I didn't like Blake at first - no surprise there, because I didn't like her in The Boyfriend App. She seemed shallow, Regina-George-esque, and downright awful. But as the story went on, we get to know more about her, and about her personality. She's definitely very negatively affected by her father's lack of praise and affection. She doesn't even like crowds or people staring at her, though she says she should be used to it. I mean, she's supposed to be a knockout, so that makes sense. Blake is definitely very self-absorbed though, don't get wrong. She does some mean things and really hurts people, but I find her a redeeming protagonist. By the end of the story, I liked her.
I definitely like how Sise worked on Blake and Audrey's friendship. It became a positive, healthy friendship, with the two girls communicating well. Audrey helped out Blake a lot throughout this book, without even really questioning things. Blake didn't always have Audrey's back, but as the story went on, it was obvious how much the girls cared about each other, and valued their friendship.
The romance was... interesting. I like Blake and Leo together. They were fireworks from the start, which is great! But there was always something off about Leo, and Audrey (and eventually, Blake) definitely thought so. The reveal of his "secret" is pretty shocking - I didn't expect that at all. I'm glad that the romance was a significant part of Blake's life, but not an overwhelming part. The Pretty App is definitely the big part of Blake's life. There is a huge gap in the book where Blake and Leo don't see or text or talk to each other. Overall, I liked the romance. It was there, but it wasn't (in the physical sense), that was fine.
I like that Sise incorporates such important themes, especially in today's society, and especially to Young Adults. Beauty is skin-deep, but feeling good about yourself is pretty important. Blake goes from being self-absorbed to more open and less selfish, and she really sees herself, by the end of the good. This is great for positive body and mind image. The universal themes in this book are pretty strong indeed!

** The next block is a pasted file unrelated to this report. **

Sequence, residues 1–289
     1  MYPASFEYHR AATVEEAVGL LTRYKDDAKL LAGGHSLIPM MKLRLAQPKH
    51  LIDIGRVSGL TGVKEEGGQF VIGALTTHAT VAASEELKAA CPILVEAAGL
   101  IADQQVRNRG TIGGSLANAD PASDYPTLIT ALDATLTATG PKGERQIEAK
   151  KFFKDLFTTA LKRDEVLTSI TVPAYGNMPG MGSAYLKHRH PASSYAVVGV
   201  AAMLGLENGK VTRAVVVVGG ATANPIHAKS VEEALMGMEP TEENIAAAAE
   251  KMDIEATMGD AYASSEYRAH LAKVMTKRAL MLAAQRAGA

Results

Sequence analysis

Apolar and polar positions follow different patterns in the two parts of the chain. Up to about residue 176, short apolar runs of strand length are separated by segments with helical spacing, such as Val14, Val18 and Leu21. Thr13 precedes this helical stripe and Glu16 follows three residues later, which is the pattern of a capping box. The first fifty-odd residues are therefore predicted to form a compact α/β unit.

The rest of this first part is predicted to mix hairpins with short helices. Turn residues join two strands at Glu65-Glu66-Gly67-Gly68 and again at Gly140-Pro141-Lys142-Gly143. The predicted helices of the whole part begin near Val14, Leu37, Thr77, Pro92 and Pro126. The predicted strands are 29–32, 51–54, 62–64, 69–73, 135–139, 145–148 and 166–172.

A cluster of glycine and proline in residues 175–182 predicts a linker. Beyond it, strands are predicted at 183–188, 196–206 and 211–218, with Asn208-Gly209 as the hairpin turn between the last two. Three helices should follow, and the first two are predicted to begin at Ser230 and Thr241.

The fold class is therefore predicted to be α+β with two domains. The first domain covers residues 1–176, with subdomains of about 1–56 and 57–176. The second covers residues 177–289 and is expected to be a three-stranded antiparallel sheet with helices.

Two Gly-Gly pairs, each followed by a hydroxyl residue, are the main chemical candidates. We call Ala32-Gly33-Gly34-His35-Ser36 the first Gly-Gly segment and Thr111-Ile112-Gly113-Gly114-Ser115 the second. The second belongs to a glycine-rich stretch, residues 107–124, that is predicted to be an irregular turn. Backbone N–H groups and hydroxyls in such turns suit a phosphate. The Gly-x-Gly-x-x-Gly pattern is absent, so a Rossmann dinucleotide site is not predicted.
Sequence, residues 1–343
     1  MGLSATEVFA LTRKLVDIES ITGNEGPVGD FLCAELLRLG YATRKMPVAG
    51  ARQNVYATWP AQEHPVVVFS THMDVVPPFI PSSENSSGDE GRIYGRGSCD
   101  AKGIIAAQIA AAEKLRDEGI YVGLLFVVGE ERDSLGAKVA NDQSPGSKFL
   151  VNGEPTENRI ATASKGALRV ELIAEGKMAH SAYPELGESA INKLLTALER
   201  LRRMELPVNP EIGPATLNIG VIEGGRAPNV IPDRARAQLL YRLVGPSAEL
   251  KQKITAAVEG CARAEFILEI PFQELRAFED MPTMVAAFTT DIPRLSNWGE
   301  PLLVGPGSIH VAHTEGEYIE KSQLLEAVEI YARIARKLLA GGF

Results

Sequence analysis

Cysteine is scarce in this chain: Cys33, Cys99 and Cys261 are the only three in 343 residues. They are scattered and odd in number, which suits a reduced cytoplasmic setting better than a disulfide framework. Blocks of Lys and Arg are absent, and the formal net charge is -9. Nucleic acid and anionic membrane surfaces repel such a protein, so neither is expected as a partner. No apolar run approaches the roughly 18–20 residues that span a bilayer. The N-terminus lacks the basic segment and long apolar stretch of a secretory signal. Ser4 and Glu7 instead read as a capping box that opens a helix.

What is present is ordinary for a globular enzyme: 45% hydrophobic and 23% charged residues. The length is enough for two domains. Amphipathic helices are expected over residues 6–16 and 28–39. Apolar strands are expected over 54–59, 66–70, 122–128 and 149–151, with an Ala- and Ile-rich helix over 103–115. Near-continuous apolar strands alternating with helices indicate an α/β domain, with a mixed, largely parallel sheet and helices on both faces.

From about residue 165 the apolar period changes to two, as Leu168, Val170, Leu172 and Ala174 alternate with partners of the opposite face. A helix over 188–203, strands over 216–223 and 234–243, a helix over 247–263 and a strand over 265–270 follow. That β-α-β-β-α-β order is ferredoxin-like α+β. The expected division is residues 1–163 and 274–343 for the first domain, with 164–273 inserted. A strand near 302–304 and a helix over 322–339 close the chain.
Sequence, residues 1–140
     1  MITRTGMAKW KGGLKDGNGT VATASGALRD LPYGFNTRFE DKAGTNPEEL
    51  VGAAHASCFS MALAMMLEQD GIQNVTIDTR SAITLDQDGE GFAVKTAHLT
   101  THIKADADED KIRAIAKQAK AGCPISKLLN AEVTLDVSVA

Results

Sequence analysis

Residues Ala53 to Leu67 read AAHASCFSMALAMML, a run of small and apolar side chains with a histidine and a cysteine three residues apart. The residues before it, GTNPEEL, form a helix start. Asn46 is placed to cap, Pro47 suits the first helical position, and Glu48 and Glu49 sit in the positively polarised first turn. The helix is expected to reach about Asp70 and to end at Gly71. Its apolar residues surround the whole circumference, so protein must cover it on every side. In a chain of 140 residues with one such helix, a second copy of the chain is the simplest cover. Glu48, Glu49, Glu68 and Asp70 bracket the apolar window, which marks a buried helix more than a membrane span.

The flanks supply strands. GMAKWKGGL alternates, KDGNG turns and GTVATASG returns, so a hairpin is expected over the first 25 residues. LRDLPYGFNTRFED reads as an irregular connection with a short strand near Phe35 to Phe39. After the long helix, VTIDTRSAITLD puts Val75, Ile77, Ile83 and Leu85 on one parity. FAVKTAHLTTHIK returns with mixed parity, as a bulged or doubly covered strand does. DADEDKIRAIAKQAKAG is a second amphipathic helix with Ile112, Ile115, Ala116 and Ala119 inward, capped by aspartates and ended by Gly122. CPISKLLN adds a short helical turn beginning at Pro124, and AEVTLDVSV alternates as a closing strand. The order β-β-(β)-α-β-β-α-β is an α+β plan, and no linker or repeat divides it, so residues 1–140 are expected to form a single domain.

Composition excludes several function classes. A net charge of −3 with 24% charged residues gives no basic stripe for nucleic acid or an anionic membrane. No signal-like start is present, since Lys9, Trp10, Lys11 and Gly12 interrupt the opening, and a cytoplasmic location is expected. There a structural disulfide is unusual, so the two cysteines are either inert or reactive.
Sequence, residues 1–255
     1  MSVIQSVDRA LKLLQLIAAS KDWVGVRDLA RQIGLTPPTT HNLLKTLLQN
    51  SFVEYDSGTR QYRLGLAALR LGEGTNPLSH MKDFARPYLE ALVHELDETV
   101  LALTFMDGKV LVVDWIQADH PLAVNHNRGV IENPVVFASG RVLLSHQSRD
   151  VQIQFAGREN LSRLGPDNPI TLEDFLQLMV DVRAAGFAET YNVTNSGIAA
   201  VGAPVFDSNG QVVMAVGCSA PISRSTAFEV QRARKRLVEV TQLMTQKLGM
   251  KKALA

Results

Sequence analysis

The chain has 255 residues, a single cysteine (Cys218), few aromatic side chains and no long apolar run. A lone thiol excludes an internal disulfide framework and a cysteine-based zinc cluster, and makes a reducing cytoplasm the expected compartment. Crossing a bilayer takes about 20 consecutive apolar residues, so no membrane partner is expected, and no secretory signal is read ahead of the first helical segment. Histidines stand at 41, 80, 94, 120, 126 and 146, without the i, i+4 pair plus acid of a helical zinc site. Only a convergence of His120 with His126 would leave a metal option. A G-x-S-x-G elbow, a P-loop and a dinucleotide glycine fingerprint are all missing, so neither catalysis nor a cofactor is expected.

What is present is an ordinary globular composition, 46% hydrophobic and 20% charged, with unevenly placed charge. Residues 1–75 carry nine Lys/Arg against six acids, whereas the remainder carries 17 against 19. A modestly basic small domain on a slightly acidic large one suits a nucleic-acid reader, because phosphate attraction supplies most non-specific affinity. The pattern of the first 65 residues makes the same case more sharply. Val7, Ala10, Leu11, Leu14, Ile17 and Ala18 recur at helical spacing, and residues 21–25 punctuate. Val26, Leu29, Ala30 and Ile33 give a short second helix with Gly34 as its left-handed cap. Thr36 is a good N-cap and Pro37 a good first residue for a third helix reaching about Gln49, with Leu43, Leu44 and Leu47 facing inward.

The ending is a bit cliche and predictable, in terms of the reality show. I liked it, don't get me wrong. It was a great feel-good ending, and made everyone happy. It was just really predictable. In my opinion. But in general, I liked the ending, and I liked this book.
What I Did Not Like:
The Mean Girls routine definitely bothered me, and I know it will bother other people. However, Sise WANTS it to bother readers, to prove a point about Blake's (and other girls') personalities - it makes for a great comparison of Blake's character from beginning to end. But it doesn't mean I have to like it. I hate those Queen Bee mean girls who think they can do whatever they want and walk over whoever they want. Um, no.
The ending is a bit cliche. And predictable. Be aware of this.
Would I Recommend It:
I liked this book. It's a great contemporary read, and there are significant themes in this book that are really important to teenagers and young adults of today's society. I would recommend this book to teenagers and young adult readers especially, but to anyone in general. It's a good contemporary - not fluffy, not dark, not overburdened with romance. A nice combination of a lot of those things, definitely mixed well!
4 stars. I'm glad I decided to read this book! I almost didn't (my reading schedule is pretty ridiculous). Super relevant to today's society, and an enjoyable read all around!